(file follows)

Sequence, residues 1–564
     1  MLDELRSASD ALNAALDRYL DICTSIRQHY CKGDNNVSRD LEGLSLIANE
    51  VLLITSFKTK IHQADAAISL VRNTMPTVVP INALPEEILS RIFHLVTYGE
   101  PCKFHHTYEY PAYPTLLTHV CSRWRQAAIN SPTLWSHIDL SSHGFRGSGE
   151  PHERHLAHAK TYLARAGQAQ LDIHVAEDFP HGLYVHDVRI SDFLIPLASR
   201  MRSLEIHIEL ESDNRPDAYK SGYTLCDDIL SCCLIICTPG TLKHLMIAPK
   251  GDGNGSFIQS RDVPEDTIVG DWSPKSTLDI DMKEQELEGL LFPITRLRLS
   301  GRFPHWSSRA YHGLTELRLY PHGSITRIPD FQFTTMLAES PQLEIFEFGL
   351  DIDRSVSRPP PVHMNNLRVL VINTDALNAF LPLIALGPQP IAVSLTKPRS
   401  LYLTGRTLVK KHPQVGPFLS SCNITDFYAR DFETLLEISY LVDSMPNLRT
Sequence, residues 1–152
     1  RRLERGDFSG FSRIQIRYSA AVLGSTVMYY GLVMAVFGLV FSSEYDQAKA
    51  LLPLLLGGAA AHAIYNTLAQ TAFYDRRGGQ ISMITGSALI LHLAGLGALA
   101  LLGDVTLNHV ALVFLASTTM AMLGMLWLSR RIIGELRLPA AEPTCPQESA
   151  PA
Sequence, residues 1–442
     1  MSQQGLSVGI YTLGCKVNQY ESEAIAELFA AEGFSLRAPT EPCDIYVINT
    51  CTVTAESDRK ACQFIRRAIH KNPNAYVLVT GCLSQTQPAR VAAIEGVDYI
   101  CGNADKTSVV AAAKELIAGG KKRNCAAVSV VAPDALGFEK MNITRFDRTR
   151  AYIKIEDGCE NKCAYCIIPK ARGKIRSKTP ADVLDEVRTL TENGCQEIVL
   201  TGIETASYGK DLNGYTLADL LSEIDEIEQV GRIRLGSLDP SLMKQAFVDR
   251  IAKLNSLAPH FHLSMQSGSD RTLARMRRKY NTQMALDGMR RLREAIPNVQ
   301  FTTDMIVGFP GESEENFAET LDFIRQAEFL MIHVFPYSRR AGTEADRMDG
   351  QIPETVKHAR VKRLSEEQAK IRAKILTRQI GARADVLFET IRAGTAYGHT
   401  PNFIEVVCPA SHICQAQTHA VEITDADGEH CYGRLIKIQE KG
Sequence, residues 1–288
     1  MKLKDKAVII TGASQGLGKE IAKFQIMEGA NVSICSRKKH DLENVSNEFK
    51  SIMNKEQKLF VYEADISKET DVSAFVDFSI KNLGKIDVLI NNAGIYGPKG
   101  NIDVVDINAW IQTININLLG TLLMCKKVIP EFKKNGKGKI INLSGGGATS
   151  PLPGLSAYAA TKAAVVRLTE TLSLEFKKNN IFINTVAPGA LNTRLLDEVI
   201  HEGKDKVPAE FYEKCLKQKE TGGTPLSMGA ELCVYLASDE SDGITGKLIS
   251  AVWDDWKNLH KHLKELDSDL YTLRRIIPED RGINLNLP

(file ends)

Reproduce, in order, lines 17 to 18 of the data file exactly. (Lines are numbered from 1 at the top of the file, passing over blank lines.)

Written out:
     1  MSQQGLSVGI YTLGCKVNQY ESEAIAELFA AEGFSLRAPT EPCDIYVINT
    51  CTVTAESDRK ACQFIRRAIH KNPNAYVLVT GCLSQTQPAR VAAIEGVDYI